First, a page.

Biographers often complain that reviewers discuss the subject’s life, not the book reconstructing it. My comments so far have been, if anything, at a still further remove—trying to indicate two extremes between which Muller has had to navigate in writing his book. One was the situation in which Taubes was all but unknown (and, for all practical purposes, almost unknowable) outside very small enclaves. In the other, his work became both readily available and closely parsed by scholarly communities for which his importance was a given. It would be possible to spin out from these circumstances a simple and familiar narrative: neglect during Taubes’s lifetime, followed by the vindication of posthumous discovery and celebration, but Muller offers nothing of the sort. He began working on the biography after finishing another book in 2002, and its long gestation was in keeping with the difficulty of the subject; for Taubes’s career, intellect and personality were all extraordinarily complex, and his reputation included hints of scandal, vague but persistent.

Taubes was the scion of a distinguished rabbinical family and was himself ordained, though he did not practice. “I take the distinction between Rabbi and Professor seriously,” he said late in life, “especially in such permissive times where every amalgam is publicized as a creative innovation. A rabbi can really perform the ritual act, a professor can only tell how the ritual act was or is to be performed.” His family made a timely escape from Austria to Switzerland in 1936, where, throughout the war, his father cooperated with ecumenical efforts to assist refugees. This had the unforeseeable side effect of giving Jacob a close familiarity with contemporary Protestant thought, as well as a chance to study with Hans Urs von Balthasar, later to emerge as a major Catholic theologian.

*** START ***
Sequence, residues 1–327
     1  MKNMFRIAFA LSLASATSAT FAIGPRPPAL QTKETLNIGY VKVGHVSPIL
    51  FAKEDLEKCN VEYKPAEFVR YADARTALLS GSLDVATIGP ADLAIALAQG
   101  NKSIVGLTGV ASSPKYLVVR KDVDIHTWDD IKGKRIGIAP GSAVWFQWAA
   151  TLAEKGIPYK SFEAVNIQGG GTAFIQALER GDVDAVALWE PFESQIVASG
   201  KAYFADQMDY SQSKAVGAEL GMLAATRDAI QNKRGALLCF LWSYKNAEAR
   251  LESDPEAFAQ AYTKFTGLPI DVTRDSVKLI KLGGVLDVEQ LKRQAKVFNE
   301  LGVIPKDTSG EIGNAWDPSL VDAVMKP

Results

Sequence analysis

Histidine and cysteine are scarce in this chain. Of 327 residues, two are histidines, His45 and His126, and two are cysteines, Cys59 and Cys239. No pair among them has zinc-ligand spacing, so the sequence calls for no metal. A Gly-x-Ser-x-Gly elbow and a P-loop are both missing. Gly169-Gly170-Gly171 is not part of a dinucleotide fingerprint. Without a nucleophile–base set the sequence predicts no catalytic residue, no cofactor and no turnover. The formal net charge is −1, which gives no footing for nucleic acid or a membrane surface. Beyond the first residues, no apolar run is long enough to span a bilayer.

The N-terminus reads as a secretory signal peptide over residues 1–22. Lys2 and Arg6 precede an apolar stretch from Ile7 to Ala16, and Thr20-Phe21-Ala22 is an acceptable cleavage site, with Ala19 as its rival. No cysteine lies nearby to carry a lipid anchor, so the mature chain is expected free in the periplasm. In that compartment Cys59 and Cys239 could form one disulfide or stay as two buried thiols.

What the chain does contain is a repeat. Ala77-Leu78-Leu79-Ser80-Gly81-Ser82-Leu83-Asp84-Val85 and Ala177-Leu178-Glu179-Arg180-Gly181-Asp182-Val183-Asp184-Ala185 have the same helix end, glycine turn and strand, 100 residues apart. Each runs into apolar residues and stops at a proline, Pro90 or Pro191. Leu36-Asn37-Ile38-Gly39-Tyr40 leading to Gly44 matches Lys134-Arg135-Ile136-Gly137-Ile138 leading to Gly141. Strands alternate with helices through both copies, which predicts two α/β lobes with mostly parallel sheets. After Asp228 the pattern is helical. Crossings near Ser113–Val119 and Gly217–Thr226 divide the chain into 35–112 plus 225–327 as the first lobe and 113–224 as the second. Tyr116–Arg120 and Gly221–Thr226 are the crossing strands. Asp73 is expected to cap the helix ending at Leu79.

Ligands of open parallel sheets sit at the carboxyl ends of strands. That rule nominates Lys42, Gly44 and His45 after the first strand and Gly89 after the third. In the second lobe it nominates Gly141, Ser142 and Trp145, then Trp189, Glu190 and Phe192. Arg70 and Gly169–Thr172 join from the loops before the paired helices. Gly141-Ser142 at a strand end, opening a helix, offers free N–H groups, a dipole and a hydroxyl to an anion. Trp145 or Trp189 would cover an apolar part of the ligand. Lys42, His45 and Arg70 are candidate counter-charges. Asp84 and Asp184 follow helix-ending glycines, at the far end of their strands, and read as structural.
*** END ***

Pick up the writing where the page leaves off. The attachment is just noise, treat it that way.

Taubes was fluent in German, French, Yiddish, English and Hebrew, he could read Latin and biblical Greek, and his knowledge of a range of theological traditions was informed by a grounding in German philosophical and sociological thought. The postwar American academic world had room for such a wunderkind, and Taubes’s appointments included posts at Harvard and Columbia Universities—followed, beginning in the 1960s, by a professorship at the Free University of Berlin. There he became an intellectual impresario on a grand scale, organizing major interdisciplinary seminars that drew scholars from around the world. He was also an editorial adviser to Suhrkamp Verlag, a major West German publisher of books in the social sciences and humanities.